Using OpenStack Open vSwitch with VLAN’s removes a lot of the trickery involved with using public and private IP’s. That way each VM gets it’s own real IP address assigned to it.

In this case, our network layout looks as such:

Logical Network Layout

Logical Network Layout

That being said, the VM’s still need a way to get back to 169.254.169.254 for access to the OpenStack metadata service. In this case, the fix was to add a static route to the VM and re-configure the neutron-dhcp-agent service as such.

On the vm template, add /etc/sysconfig/network-scripts/route-eth0:

Then add the following to /etc/neutron/dhcp-agent.ini

and then restart the Neutron dhcp agent service:

Once this is finished, you should then be able to add the updated image to glance and deploy without issue.

Configuring Glace, Cinder and Nova for OpenStack Havana to run on GlusterFS is actually quite simple; assuming that you’ve already got GlusterFS up and running.

So lets first look at my Gluster configuration. As you can see below, I have a Gluster volume defined for Cinder, Glance and Nova.

And I have each of these filesystems mounted.

Now that I have OpenStack Cinder, Nova and Glance installed; I can then configure them to use my Gluster mounts.

Modify /etc/cinder/cinder.conf to reflect the Gluster configuration

Also make sure that /etc/cinder/shares.conf has the Gluster share listed

Then, create the images folder for Glance.

Then, modify the file permissions so that its usable.

Modify the glance configuration to reflect the Gluster mount points in /etc/glance/glance-api.conf

Restart Glance Services

Create nova folder structure

Then, modify the file permissions so that its usable.

Modify nova config in /etc/nova/nova.conf to reflect the Gluster mount points.

Restart nova

Verify OpenStack services

You should now see that Cinder has the GlusterFS mount mounted when issuing the mount command:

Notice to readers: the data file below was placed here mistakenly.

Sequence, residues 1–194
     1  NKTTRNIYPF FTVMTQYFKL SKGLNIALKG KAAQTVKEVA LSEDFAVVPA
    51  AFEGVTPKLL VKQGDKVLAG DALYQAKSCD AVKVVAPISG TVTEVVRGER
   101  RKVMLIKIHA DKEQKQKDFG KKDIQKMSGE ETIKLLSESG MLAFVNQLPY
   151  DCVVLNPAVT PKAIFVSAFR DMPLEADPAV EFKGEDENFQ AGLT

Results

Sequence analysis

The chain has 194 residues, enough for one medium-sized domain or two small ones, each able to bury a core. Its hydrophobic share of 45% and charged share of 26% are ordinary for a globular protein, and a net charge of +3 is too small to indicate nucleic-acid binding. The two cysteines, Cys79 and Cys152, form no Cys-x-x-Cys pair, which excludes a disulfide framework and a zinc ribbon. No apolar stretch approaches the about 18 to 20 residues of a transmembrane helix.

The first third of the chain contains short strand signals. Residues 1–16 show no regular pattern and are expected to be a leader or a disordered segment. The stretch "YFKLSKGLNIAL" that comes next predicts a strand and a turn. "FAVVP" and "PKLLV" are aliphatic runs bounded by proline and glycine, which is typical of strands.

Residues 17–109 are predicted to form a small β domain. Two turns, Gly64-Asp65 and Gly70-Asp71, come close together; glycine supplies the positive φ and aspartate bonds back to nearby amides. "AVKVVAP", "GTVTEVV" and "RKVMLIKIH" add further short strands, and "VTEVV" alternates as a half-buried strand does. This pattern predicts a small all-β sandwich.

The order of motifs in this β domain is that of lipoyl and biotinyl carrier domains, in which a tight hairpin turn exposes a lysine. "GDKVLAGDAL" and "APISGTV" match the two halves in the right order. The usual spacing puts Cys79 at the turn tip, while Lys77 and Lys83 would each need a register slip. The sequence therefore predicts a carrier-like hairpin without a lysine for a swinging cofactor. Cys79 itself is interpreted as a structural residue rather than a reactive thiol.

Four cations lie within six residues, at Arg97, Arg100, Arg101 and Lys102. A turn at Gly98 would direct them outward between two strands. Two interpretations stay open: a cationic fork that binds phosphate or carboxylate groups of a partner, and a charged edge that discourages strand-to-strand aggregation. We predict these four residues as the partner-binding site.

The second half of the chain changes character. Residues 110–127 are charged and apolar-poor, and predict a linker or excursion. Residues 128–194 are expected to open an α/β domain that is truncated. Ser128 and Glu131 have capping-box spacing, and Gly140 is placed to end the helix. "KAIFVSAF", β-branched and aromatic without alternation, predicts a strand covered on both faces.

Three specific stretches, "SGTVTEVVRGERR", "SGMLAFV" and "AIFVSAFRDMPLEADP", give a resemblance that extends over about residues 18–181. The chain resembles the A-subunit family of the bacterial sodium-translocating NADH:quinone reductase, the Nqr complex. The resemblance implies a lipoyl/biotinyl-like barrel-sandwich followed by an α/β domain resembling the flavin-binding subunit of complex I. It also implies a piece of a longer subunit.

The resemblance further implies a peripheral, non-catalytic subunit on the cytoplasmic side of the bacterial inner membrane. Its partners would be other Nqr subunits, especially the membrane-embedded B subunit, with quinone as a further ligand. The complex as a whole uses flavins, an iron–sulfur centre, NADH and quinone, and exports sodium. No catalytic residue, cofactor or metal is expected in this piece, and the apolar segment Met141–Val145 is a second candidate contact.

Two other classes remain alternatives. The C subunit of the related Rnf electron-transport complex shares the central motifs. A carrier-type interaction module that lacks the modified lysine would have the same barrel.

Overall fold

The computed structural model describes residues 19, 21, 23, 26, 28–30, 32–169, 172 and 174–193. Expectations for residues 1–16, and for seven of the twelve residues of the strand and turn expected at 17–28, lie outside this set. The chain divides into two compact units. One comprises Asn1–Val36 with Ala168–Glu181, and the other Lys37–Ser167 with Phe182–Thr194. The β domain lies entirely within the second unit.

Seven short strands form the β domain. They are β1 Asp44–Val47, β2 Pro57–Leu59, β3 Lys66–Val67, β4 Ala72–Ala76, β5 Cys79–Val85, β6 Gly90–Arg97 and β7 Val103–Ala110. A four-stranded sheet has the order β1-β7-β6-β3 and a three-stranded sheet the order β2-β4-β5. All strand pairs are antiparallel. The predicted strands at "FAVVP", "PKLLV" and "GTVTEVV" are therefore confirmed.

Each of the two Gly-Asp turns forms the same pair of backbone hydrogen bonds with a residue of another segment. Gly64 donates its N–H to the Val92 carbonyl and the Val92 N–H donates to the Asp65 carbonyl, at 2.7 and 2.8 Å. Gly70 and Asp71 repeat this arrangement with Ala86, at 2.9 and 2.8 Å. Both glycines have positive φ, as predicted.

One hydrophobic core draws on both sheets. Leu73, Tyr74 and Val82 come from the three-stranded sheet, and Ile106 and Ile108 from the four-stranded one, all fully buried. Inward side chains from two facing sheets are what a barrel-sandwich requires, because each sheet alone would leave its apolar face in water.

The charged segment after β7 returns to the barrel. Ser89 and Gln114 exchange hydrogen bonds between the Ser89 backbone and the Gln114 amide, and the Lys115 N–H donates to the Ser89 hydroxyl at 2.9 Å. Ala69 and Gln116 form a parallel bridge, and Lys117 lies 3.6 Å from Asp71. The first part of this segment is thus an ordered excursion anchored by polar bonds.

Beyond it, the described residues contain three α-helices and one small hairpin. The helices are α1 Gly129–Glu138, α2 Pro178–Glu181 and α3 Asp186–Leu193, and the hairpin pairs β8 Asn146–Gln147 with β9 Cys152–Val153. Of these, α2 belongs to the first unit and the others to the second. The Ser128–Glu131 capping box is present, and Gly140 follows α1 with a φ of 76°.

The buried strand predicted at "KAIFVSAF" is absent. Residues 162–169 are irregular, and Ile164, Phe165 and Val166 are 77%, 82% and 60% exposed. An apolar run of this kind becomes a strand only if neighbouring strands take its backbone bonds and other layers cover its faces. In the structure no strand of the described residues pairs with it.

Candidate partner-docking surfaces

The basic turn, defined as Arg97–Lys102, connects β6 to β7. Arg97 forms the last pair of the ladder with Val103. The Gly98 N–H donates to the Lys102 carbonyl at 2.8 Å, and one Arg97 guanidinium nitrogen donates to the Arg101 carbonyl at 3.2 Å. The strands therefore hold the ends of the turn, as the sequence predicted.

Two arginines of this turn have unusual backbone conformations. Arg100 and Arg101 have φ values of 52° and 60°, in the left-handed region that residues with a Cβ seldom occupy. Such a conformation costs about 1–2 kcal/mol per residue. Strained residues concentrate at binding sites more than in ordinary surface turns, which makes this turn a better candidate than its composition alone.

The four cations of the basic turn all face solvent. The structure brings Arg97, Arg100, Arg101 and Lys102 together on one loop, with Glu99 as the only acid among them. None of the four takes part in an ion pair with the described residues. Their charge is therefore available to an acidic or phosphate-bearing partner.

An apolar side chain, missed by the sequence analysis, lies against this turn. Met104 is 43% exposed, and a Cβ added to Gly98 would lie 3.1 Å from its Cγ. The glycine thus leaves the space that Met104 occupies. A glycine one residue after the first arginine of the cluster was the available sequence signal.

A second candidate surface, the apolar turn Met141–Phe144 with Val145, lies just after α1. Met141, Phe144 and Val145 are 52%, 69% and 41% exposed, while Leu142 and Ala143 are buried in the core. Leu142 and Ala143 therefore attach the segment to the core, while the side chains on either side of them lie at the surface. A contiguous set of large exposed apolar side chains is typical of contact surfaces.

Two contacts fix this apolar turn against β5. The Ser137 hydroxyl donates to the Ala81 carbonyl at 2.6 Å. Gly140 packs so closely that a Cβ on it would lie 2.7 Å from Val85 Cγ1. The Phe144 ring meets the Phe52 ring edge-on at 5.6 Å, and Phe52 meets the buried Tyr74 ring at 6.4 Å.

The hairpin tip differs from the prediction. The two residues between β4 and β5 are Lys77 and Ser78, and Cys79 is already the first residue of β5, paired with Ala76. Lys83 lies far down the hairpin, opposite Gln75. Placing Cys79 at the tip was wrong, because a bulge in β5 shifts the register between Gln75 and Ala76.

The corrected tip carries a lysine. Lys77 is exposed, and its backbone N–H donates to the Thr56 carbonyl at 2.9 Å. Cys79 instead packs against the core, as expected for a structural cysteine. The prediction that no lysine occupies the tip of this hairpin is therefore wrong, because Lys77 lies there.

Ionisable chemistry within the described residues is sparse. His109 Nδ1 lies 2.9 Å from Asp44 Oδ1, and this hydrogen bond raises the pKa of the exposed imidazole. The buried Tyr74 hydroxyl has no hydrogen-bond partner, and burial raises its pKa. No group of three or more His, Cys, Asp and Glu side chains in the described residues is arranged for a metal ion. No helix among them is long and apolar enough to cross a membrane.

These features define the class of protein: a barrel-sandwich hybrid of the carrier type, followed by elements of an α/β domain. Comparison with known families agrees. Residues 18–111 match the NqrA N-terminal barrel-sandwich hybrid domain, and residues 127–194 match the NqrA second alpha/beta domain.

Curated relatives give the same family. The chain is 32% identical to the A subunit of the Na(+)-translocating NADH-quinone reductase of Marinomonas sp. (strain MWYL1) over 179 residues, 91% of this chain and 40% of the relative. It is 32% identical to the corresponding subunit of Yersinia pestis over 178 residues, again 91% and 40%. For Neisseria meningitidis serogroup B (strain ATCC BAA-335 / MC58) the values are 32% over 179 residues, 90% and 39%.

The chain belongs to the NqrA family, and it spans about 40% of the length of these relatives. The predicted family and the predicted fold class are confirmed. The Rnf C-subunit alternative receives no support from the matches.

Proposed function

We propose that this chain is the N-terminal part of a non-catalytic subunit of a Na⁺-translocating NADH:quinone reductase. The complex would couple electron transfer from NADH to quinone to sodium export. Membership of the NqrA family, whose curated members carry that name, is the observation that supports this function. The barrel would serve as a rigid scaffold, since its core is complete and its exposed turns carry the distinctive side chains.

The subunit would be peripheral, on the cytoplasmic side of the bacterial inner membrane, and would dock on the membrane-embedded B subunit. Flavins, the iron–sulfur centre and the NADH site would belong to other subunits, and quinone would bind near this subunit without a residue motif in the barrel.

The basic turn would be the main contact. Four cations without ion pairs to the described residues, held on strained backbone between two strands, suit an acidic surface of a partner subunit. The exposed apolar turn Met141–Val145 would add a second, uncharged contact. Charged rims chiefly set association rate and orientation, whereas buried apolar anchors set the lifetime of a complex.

Note: 127.0.0.1:/cinder on /var/lib/cinder/mnt/92ef2ec54fd18595ed18d8e6027a1b3d type fuse.glusterfs (rw,default_permissions,allow_other,max_read=131072

The main issue with installing OS’s on these Winterfell servers is the complete lack of video card :)

Your only option is serial console using the USB > Serial header adapter.

So the task is to install RedHat or CentOS (or other RHEL style OS’s) via PXE, with serial console only access. To do this, we need to pass boot parameters to the PXE menu entry.

In this particular case, my 1GB interface on the OpenCompute V3 (Winterfell) servers is recognized as eth2. So my PXE menu entry looks as such: More »

Playing with KVM and OpenStack I wanted to create a custom Linux virtual machine template. The easiest way to do this is to first create a blank disk using the qemu-img command.

Here we specify the format as qcow2 with the -f switch, the path to where we want to create it, and the size by specifying 20G.

See the man page for qemu-img here

Once you have the disk created, you can then use the virt-install command to install an OS to the blank disk.

With the following command, we specify the amount of memory, hardware acceleration, name, path to the blank disk, what ISO file we want attached and console arguments so I can do the install via SSH session.

Without using the console specifications, you will not be able to fully boot the image, as it will hang at:

Not giving you much information as to what is going on :)

Once your image build is completed, you can then import the image into OpenStack using glance

You should be able to now see the image registered with Nova using the nova image list command.

Now you can use the nova boot command to create a VM from the image and start it.